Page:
July 12, 2013
Guillermo del Toro, Travis Beacham
Guillermo del Toro
Charlie Hunnam as Raleigh Becket
Idris Elba as Stacker Pentecost
Rinko Kikuchi as Mako Mori
Charlie Day as Dr. Newton Geiszler
Burn Gorman as Gottlieb
Clifton Collins Jr. as Ops Tendo Choi
Pacific Rim has earned some mixed marks from critics. The Washington Post declared the film “a big, lumbering, rock ’em, sock ’em mash-up of metallic heft and hyperbole.” Cinema Autopsy noted that “the spectacle is distancing and even though it may have been unintentional, there is subtext in Pacific Rim and it is not fun.” Horror site Bloody Disgusting awarded the film a four of five rating and ensured potential viewers the flick’s “a magnificent summer spectacle.” Shocktillyoudrop and Dreadcentral also raved over the film, awarding it nine of ten and five of five ratings respectively. There’s a simple truth in those differing opinions.
Pacific Rim does a lot of things right. Idris Elba, Charlie Day and Clifton Collins, Jr. turn in resplendent performances. Visually the computer work is nothing short of brilliant; these robots appear completely practical and – when on land – the monsters themselves are inexplicably realistic. The action scenes initially prove extremely rewarding, unfolding with reasonable fluidity in grandiose exchanges and quite a few of the set pieces are just shy of genuinely mystifying.
There are a lot of blunders that also surface in the picture. The hiccups are reasonably thick, and at 132 minutes, some of the deficiencies of the production really begin to weigh on the viewer. First off, the story itself is almost insultingly elementary. There’s nothing wrong with a brainless film, but most fans likely expect a few extra dimensions from a Guillermo del Toro feature. In regards to Pacific Rim, it’s giant monsters (Kaiju) versus giant robots (Jaeger), and that’s the extent of it; things don’t stretch too far beyond that and what subtext is present feels utterly irrelevant. It’s not a miserable tale, but it’s a bit on the shallow side. And, those action sequences previously mentioned, well, yes, they’re a blast. They’re a blast the first two or three times you gaze at the spectacle. By the time the finale rolls around we’ve seen these duels so much that the forward momentum has expired and the violent sequences have completely lost any serious impact. Del Toro brings out the big guns far too early and it absolutely murders the hope of escalating anticipation. We’ve seen the peak of the film within the first battle or so, which renders the climax quite anticlimactic. It’s also tough to buy into the chemistry of the cast. From a singular stance there are definitely winners aboard but as a whole unit the synergy is a misfire. These are detrimental issues.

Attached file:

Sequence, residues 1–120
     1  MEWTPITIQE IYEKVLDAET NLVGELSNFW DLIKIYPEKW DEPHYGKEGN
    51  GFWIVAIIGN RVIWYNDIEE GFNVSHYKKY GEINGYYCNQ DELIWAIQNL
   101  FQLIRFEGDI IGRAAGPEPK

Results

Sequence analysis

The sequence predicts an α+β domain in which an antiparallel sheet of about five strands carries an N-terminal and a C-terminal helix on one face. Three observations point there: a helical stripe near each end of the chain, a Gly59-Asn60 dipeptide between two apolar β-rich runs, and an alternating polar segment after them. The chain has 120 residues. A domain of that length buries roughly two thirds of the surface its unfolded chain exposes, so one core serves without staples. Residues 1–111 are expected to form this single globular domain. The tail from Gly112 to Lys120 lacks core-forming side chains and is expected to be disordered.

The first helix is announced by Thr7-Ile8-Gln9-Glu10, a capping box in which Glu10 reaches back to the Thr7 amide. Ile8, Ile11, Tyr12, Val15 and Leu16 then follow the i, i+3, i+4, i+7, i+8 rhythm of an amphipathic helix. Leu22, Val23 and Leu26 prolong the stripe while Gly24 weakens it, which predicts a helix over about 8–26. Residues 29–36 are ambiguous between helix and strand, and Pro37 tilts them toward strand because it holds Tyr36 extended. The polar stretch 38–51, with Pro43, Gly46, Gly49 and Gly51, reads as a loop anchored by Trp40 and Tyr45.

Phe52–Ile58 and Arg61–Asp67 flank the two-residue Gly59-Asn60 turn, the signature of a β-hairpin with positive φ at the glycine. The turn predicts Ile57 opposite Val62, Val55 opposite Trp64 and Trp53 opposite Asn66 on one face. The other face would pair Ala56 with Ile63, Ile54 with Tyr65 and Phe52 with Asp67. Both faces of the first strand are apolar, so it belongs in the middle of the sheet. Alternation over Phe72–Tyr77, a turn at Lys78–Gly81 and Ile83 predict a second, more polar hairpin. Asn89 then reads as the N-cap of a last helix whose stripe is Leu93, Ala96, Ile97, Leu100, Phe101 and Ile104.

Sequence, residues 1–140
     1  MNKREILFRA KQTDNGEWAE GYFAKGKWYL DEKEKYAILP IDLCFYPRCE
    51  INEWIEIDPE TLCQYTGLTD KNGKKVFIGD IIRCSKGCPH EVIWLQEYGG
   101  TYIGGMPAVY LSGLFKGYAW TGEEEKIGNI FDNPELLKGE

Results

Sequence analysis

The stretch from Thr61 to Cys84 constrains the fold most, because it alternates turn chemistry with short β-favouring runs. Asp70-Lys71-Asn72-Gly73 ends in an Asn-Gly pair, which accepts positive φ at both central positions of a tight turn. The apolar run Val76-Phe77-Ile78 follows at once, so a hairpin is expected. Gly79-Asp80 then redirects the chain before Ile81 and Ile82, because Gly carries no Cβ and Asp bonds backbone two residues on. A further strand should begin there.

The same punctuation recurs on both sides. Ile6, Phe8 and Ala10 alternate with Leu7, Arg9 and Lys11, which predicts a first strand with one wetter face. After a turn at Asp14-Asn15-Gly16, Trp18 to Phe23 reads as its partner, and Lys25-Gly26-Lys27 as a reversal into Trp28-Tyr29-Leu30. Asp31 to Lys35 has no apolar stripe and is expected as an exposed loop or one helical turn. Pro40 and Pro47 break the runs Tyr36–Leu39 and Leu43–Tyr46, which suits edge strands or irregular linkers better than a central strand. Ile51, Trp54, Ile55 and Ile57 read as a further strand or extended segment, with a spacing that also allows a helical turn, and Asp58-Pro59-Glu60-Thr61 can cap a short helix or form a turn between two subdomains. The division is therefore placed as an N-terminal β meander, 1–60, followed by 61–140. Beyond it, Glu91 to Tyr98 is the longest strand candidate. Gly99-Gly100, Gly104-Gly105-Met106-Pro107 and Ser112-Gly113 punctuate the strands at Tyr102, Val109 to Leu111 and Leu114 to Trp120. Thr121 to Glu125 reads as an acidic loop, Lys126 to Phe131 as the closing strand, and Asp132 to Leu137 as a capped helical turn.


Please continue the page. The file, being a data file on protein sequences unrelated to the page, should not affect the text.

A bigger obstacle however might be the overall impression the film leaves. Word of mouth is a powerful thing, and when word begins to spread that Pacific Rim is a particularly long, cheesy affair, it may not bode well for future ticket sales. And the film does, without a doubt, run a bit too long, and it is hands down the cheesiest project Guillermo del Toro has ever stepped up to spearhead. Where a film like Hellboy offers a degree of charm, a film like Pacific Rim offers something to chew on, and it isn’t all too fresh.
Will Pacific Rim emerge the summer blockbuster Warner Brothers is hoping for? Well, that’s hard to say. The audience present – as I screened it – were generally in awe of the production. Of interesting note, a good 90-percent of the crowd looked as though they’d likely invested a staggering number of hours playing Magic the Gathering over the last decade or so. Does that mean much? I think it’s an indicator that there’s most certainly an audience for the film, even if it doesn’t include ilk of my specific nature. Will that audience prove large enough to rake in big bucks? My gut says yes.
Pacific Rim has its moments. It’s a lot of fun in spots, somewhat humorous from time to time and beautifully grandiose. The picture seems an obvious and quite aware nod to classic Godzilla films, and it’s obvious del Toro enjoyed himself while crafting his biggest picture to date. Unfortunately,Pacific Rim is a far cry from the established standard. It lacks the charm of previous efforts, and in no way can be compared to treasures like Pan’s Labyrinth or Hellboy.